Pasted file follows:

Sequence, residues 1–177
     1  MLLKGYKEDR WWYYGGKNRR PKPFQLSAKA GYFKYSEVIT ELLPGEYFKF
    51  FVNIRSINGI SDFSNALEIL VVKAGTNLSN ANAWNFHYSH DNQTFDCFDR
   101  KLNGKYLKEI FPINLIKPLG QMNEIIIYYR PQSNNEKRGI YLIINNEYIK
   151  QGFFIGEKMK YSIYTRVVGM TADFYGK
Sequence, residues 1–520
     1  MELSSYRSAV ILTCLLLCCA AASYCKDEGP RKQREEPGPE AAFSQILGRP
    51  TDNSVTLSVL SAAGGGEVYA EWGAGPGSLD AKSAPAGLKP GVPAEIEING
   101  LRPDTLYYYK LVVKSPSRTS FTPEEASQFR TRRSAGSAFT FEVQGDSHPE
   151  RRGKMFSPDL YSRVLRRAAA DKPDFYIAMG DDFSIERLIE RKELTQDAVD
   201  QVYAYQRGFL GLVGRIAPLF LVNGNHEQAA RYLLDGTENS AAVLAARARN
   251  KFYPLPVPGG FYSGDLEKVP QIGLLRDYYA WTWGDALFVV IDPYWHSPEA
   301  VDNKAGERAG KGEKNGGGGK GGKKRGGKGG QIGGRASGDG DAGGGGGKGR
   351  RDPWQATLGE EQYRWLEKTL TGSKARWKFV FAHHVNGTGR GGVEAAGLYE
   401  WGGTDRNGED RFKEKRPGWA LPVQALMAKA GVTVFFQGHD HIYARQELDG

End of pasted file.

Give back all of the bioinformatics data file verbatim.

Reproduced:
Sequence, residues 1–177
     1  MLLKGYKEDR WWYYGGKNRR PKPFQLSAKA GYFKYSEVIT ELLPGEYFKF
    51  FVNIRSINGI SDFSNALEIL VVKAGTNLSN ANAWNFHYSH DNQTFDCFDR
   101  KLNGKYLKEI FPINLIKPLG QMNEIIIYYR PQSNNEKRGI YLIINNEYIK
   151  QGFFIGEKMK YSIYTRVVGM TADFYGK
Sequence, residues 1–520
     1  MELSSYRSAV ILTCLLLCCA AASYCKDEGP RKQREEPGPE AAFSQILGRP
    51  TDNSVTLSVL SAAGGGEVYA EWGAGPGSLD AKSAPAGLKP GVPAEIEING
   101  LRPDTLYYYK LVVKSPSRTS FTPEEASQFR TRRSAGSAFT FEVQGDSHPE
   151  RRGKMFSPDL YSRVLRRAAA DKPDFYIAMG DDFSIERLIE RKELTQDAVD
   201  QVYAYQRGFL GLVGRIAPLF LVNGNHEQAA RYLLDGTENS AAVLAARARN
   251  KFYPLPVPGG FYSGDLEKVP QIGLLRDYYA WTWGDALFVV IDPYWHSPEA
   301  VDNKAGERAG KGEKNGGGGK GGKKRGGKGG QIGGRASGDG DAGGGGGKGR
   351  RDPWQATLGE EQYRWLEKTL TGSKARWKFV FAHHVNGTGR GGVEAAGLYE
   401  WGGTDRNGED RFKEKRPGWA LPVQALMAKA GVTVFFQGHD HIYARQELDG